Education can balance seniors’ risk of falling

Day by Day
Education can balance seniors’ risk of falling

By LIZ THOMPSON

August 1, 2017

This Week News

Watching children intentionally fall on the ground, doing somersaults and hand springs, is delightful. They might end up with a scratch or two, but it’s all a part of childhood.

Falling in love is another way to fall painlessly. We retell the stories over and over again, like children doing somersaults.

Too many years have passed to remember when I fell down intentionally.

Now when I fall, it’s an accident — and I end up with a lot more than scratches. I have broken bones, bruises and aches and pains that last for weeks.

I adapt daily to stay upright and encourage others to do the same.

Ohio statistics are discouraging: In 2014, Ohioans age 65 and older accounted for 84 percent of deaths by falling and 74 percent of nonfatal fall hospitalizations.

More than 60 percent of these falls happen in the home.

Falls are the leading cause of traumatic brain injury in Ohio residents in this same age group. Usually when I fall, I hit my head, which terrifies me. It makes me rethink how I motivate through my day. I’m selective about when and where I go outside the home.

Each week, there are more than 1,500 emergency department visits, close to 400 hospitalizations and 22 deaths due to fall injuries of this same Ohio population.

In 2015, 537,222 of Ohio adults ages 65 and older reported having fallen.

According to the National Council on Aging’s STEADI project, causes of falling include leg weakness, mobility problems, balance issues, poor vision, multiple medications and risky behavior.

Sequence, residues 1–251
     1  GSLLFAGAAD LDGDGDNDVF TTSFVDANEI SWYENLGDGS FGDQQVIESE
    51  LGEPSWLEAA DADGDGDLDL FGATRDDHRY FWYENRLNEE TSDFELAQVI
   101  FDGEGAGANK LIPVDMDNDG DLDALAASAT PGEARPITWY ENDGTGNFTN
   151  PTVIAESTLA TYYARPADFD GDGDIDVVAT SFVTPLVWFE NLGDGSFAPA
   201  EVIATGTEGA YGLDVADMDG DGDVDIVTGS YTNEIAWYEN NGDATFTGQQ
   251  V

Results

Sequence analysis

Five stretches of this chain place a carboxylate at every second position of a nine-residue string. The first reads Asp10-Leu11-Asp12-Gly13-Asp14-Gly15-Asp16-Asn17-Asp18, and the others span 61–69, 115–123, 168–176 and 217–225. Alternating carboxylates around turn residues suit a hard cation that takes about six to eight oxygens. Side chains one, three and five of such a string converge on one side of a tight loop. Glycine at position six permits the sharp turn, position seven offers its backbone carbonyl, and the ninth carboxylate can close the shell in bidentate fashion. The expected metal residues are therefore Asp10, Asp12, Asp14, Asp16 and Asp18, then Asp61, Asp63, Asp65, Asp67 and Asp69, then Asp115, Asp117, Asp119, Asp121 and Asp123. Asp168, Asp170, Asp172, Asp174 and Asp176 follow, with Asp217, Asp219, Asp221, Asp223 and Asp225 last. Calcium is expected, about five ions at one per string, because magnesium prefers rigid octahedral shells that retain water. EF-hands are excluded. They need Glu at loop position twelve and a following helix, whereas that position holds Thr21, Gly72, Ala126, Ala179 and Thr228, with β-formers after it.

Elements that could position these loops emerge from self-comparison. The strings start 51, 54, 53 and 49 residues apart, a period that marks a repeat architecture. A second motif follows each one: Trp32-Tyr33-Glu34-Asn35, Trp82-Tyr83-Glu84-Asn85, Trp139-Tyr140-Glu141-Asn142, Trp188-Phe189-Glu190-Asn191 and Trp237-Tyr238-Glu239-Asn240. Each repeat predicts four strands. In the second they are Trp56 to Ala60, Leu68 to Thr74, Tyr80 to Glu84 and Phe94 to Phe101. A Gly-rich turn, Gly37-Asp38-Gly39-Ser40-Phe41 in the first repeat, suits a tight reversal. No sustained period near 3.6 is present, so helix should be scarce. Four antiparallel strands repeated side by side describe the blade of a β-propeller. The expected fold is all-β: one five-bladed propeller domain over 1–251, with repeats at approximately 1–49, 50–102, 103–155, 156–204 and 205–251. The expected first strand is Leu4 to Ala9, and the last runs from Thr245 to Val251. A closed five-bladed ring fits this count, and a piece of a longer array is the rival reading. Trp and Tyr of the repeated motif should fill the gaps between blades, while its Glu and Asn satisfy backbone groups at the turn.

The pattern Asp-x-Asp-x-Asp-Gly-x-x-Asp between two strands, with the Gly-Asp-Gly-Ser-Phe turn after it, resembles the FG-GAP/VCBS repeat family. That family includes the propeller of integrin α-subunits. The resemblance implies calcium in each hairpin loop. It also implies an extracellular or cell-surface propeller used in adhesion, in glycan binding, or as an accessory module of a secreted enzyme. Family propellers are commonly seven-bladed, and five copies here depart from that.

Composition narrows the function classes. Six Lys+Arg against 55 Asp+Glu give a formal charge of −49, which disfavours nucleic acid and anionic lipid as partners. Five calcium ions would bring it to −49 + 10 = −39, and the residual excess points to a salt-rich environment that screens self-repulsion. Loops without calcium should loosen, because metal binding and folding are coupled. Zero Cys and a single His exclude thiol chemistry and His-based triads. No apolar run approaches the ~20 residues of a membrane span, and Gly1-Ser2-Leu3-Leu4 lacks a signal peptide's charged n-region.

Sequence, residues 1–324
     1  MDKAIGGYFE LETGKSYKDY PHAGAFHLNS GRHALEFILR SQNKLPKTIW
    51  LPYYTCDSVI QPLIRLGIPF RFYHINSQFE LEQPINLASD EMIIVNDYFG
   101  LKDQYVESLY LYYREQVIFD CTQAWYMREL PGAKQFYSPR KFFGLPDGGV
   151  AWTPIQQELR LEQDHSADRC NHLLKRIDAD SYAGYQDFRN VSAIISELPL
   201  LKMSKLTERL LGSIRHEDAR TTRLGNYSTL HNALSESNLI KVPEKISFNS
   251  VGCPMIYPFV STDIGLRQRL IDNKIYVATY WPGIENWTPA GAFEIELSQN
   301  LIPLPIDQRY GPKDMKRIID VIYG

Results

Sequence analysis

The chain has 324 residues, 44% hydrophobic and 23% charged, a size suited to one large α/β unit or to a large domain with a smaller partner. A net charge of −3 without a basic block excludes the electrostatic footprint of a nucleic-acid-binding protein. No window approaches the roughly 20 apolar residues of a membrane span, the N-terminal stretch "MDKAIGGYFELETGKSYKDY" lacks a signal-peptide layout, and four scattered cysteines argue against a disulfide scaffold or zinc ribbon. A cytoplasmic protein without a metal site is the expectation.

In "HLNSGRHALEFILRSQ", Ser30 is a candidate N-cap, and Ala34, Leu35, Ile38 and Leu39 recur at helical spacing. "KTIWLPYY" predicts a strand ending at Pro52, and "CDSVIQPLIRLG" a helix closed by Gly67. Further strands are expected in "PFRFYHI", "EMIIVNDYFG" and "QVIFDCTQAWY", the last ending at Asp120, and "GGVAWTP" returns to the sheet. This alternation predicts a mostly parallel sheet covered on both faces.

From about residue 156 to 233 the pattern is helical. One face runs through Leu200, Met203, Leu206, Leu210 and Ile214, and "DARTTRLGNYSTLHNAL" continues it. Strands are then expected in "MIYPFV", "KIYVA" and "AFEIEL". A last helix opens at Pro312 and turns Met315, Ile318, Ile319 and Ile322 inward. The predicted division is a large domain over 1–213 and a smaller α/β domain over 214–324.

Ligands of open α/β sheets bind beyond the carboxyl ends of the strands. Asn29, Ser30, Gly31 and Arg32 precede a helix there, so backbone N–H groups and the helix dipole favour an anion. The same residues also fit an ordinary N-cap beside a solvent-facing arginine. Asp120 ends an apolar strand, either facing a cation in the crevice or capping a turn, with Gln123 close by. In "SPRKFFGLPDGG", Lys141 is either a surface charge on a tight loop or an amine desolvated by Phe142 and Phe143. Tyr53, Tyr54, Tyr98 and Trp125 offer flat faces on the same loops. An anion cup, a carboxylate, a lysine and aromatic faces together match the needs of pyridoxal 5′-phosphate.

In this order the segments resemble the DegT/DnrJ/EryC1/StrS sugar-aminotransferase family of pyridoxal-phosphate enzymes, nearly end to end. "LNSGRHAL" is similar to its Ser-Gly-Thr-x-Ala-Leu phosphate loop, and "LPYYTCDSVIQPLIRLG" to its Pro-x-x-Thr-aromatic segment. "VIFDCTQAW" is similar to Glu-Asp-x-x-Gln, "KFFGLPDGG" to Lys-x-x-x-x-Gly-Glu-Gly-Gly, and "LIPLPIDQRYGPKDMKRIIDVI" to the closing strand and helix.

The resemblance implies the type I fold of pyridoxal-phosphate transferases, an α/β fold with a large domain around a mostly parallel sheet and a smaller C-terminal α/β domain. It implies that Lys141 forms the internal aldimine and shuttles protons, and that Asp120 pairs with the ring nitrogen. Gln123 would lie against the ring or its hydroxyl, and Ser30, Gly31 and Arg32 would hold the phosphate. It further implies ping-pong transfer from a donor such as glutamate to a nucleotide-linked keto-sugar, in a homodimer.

“Risky behavior” in this population can mean, as we age, we forget we can’t do things the way we had for many years. It becomes unsafe to carry heavy items while walking, to use ladders, or to stand up and walk before we’re ready.

It’s not worth the risk.

I’ve learned that when I ask for help, most people lend a hand with a smile. They want to help, but don’t know what to do.

Risk factors we can modify include removing clutter and tripping hazards; adding grip bars near commodes and in showers and tubs; installing handrails on staircases; and improving lighting. Those who need mobility aids should use them.

I no longer worry about how I look using a cane, walker or one of my motorized chairs. I’m in the age bracket I’m writing about, not just one of thousands with multiple sclerosis and other conditions that give us reasons to use assistance — conditions that also add to our likelihood of falling.

Do I always listen to my own advice? No.

The phrase “Too soon old, too late smart” suits me, yet I’m determined to become determined about each step I take.

The Upper Arlington Commission on Aging is partnering with Mount Carmel Health to present information on the topic of fall prevention and balance. The free program is set from 9 a.m. to noon Sept. 20 at Upper Arlington Lutheran Church, 2300 Lytham Road.

Quality of life diminishes once a fall occurs. Prevention is an important key to aging well, and that is one goal of these speakers at the program.

Dr. Victor Dizon, trauma medical director, will present a case scenario involving an older person who fell and sustained multiple injuries to demonstrate how badly someone can be injured from a “simple fall.”

Audiologist Lisa Hansel will discuss an underlying and treatable balance impairment that may cause falling.

Angie Caplinger, a physical therapist, will conduct balance screenings to assess people’s ability to maintain balance in various conditions. The screening indicates if a person is at risk for falling.

Lori Candon, who practices inner nature yoga, will have a short tai chi demonstration between educational speakers. Tai chi has been shown to help improve balance.

Registration is required; call 614-583-5326 by Sept. 13.

“Fall” in line to learn more. With knowledge and care we can lower the statistics and live more fully.

‘Aging out’ of foster care can bring difficulty

‘Aging out’ of foster care can bring difficulty

By Liz Thompson
July 3, 2017
ThisWeekNews